Sexism in Media Shouldn’t be a Headline

sexism is no joke - photograph by Gwydion M Williams (https://www.flickr.com/photos/45909111@N00/) - Attribution 2.0 Generic (CC BY 2.0)

BY HELENA WINKLER

Despite the progress we have made in terms of women’s rights in America, sexism is still alive and rampant, especially in media. Sexism in media is an especially important issue to address because it’s witnessed by almost everyone in our country.

Contrary to what has been claimed by many figureheads in media, sexism is most definitely still alive in the media world. In July, the story broke of TV personality Gretchen Carlson, who left Fox News and filed a suit of sexual harassment against the CEO, Roger Ailes. Carlson told The New York Times that Mr. Ailes “made sexual advances toward her and later fired her” after speaking out against sexual harassment in the workplace. Carlson said that she “just wanted to stand up for myself, first and foremost… and I wanted to stand up for other women who maybe faced similar circumstances.”

Carlson originally received a powerful amount of support on all media platforms. However, Eric Trump, son of President Donald Trump, later said that his sister, Ivanka, is immune to sexual harassment because she is a “strong, powerful woman,” which implied that the sexual assault was somehow Carlson’s fault.

Many people spoke up about how blaming the victim is not acceptable and Gretchen Carlson herself responded on Twitter, saying “Sad in 2016 we’re still victim blaming women. Trust me I’m strong.”

Crimes of sexual harassment are never the victim’s fault. The perpetrators are the ones who are responsible, and this message should be broadcast instead of blaming the victims.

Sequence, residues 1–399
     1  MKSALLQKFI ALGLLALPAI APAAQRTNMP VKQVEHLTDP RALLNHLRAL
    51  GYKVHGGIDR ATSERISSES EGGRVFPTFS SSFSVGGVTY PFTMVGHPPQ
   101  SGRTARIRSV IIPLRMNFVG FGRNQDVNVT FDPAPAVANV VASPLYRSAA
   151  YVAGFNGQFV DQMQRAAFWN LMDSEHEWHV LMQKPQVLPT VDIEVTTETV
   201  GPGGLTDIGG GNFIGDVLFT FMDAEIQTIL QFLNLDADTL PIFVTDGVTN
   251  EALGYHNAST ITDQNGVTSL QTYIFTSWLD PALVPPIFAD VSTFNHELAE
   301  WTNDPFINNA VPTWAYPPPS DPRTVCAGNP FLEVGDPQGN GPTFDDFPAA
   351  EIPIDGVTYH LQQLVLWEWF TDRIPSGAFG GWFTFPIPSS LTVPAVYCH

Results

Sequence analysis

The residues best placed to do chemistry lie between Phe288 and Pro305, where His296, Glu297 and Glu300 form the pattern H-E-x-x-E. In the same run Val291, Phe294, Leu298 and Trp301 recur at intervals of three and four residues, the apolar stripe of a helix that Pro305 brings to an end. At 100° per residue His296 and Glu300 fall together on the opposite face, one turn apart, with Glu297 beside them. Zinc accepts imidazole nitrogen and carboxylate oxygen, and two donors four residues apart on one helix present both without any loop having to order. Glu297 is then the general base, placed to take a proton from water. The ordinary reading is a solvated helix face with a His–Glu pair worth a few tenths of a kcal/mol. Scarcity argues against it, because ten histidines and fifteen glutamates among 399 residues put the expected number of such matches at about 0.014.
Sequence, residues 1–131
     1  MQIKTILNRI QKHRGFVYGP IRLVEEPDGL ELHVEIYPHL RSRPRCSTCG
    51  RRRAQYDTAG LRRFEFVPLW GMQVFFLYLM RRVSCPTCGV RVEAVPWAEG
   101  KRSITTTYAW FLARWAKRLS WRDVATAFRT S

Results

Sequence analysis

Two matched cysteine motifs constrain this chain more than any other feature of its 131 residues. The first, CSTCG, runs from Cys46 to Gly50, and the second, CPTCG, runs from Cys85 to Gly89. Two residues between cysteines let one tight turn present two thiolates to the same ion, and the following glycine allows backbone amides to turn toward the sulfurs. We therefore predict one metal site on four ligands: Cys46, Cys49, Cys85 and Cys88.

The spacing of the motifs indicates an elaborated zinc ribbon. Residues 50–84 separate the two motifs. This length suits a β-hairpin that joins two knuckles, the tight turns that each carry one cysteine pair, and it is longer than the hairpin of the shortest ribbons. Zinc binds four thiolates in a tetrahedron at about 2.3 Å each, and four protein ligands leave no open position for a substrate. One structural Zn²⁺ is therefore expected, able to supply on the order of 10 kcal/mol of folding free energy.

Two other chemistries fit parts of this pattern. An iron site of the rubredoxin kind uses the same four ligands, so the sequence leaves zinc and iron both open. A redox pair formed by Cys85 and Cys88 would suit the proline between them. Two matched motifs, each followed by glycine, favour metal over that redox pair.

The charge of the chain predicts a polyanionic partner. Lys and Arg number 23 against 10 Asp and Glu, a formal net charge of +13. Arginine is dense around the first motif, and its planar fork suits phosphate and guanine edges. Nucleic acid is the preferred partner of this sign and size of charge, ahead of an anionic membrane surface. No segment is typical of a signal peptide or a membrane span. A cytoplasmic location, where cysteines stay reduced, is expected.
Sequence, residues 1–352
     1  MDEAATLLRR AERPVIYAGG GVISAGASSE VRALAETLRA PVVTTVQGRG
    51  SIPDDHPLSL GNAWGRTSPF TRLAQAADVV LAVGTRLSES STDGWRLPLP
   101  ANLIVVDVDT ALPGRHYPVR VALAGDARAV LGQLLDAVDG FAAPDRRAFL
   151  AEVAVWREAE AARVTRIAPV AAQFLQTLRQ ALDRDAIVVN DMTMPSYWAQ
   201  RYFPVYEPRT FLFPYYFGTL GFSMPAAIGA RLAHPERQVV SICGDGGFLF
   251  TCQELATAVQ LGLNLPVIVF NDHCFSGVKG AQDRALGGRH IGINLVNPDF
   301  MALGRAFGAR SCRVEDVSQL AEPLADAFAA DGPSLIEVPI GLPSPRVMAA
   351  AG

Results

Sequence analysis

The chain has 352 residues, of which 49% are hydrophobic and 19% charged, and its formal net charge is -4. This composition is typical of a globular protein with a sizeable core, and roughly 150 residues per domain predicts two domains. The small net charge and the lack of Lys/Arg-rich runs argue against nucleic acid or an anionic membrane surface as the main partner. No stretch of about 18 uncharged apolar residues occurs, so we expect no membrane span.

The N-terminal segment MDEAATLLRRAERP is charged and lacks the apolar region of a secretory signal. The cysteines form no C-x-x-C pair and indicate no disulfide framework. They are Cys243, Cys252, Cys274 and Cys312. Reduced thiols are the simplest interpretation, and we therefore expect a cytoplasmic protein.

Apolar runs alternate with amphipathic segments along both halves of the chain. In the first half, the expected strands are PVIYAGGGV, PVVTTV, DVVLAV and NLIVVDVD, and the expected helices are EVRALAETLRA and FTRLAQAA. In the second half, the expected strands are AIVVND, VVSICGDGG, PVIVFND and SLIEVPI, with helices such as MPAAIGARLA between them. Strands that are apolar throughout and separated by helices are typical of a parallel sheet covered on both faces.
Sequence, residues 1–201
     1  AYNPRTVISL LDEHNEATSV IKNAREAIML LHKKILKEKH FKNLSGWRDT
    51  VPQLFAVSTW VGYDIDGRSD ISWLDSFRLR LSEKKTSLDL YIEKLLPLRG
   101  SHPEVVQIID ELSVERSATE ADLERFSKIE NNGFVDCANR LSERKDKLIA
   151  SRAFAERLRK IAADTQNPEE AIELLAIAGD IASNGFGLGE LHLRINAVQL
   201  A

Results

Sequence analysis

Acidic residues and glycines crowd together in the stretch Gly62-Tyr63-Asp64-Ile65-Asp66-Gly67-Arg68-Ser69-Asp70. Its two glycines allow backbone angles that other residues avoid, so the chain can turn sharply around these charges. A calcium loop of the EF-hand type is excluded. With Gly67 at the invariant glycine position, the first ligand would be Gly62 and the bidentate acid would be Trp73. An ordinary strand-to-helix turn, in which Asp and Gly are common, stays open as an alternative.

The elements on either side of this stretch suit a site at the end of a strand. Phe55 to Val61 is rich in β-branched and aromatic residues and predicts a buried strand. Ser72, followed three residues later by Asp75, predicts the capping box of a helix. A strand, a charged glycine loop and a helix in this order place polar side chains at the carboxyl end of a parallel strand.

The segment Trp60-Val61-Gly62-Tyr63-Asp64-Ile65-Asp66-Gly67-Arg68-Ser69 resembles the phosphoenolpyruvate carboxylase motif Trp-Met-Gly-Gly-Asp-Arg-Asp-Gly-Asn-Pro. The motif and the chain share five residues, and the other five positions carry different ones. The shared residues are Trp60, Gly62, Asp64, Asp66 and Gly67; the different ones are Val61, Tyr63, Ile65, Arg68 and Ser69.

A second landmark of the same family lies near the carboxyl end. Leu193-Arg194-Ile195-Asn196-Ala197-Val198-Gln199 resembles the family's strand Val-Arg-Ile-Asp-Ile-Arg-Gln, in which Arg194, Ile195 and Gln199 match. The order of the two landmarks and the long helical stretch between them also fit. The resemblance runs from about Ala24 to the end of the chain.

Another occurrence of sexism in media is the coverage of the female athletes during the Rio Summer Olympics. Female athletes are still not seen or treated equally as male athletes in media. A research project from the UK’s Cambridge University Press has analyzed their database of media coverage and found that “men are three times more likely than women to be mentioned in a sporting context, while women are disproportionately described in relation to their marital status, age or appearance.” In other words, media outlets tend to report more about details of women’s lives rather than their actual accomplishments.

One of the most talked about examples of bias during the Olympics was the Chicago Tribune’s article, “Corey Cogdell, wife of Bears lineman Mitch Unrein, wins bronze in Rio.” The title only referred to her medal and didn’t say in what sport (trap shooting), nor did it mention that it was the second medal she’d won at a Games and her third time competing at the Olympics. The article was instead focused heavily on her relationship with her husband.

Everyone, and that means all genders, needs to speak up about unequal representation in media to bring change.